The U.S. Latino population, now about 1 in 5 Americans, is projected to continue increasing through the year 2060, when over 1 in 4 Americans are likely to be Latino, according to U.S. Census Bureau projections released Thursday.
Hispanics are now 19.1% of the U.S. population but are projected to make up 26.9% of the population in less than four decades. Meanwhile, the non-Hispanic white population is projected to continue to decline from 58.9% now to 44.9% by 2060.
Overall, the U.S. population is projected to continue to grow from 333 million today to a high of nearly 370 million in 2080, but then dip downward to 366 million in the year 2100.
The projections are an update from those last issued by the Census Bureau in 2017. The numbers issued Thursday incorporated data on births, deaths and international migration, leading to a slower pace of population growth than previously projected, Census Bureau demographer Sandra Johnson stated in a news release.
“The U.S. has experienced notable shifts in the components of population change over the last five years,” she said. “Some of these, like the increases in mortality caused by the COVID-19 pandemic, are expected to be short-term while others, including the declines in fertility that have persisted for decades, are likely to continue into the future.”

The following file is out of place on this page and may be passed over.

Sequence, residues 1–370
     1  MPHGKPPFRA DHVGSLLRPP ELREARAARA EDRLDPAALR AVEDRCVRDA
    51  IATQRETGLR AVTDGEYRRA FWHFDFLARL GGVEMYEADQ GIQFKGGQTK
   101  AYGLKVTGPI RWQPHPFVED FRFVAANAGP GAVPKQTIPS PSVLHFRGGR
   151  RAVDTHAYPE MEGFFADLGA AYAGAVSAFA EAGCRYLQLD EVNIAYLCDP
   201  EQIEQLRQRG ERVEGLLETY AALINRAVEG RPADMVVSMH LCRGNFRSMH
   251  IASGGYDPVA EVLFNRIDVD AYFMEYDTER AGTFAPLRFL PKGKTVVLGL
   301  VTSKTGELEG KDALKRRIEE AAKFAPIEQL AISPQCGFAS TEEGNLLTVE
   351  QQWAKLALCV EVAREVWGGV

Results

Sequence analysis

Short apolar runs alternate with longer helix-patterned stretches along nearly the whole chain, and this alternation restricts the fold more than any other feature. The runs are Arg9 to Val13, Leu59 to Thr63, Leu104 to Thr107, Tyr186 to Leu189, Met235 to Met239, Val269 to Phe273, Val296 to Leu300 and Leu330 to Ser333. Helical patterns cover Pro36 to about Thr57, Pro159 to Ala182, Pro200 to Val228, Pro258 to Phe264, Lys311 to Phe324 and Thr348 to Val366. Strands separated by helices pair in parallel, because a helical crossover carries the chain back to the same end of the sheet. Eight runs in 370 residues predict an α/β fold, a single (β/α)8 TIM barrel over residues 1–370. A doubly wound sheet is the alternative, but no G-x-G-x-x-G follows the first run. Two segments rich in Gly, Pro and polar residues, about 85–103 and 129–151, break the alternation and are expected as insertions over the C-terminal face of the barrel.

The bureau issued four sets of projections for the overall population based on different scenarios. They refer to the four projections as the middle series or the most likely projections; the high immigration scenario; the low immigration scenario; and the far less likely zero-immigration scenario.
In every scenario, drops in fertility and an aging population will lead to more deaths than births in the U.S. That is expected to happen in 2038 in the most likely projections; in 2036 in the low immigration scenario; and in 2042 in the high immigration scenario. In the zero-immigration scenario, it happens in 2033.
Because the U.S. is projected to have more deaths than births, immigration is projected to be the largest contributor to population growth.
In the high immigration scenario, the U.S. population reaches 435 million by 2100.
In the most likely projections, the population peaks at 370 million in 2080, then drops to 366 million in 2100. The low-immigration scenario is projected to peak at around 346 million in 2043 and decline thereafter, dropping to 319 million in 2100.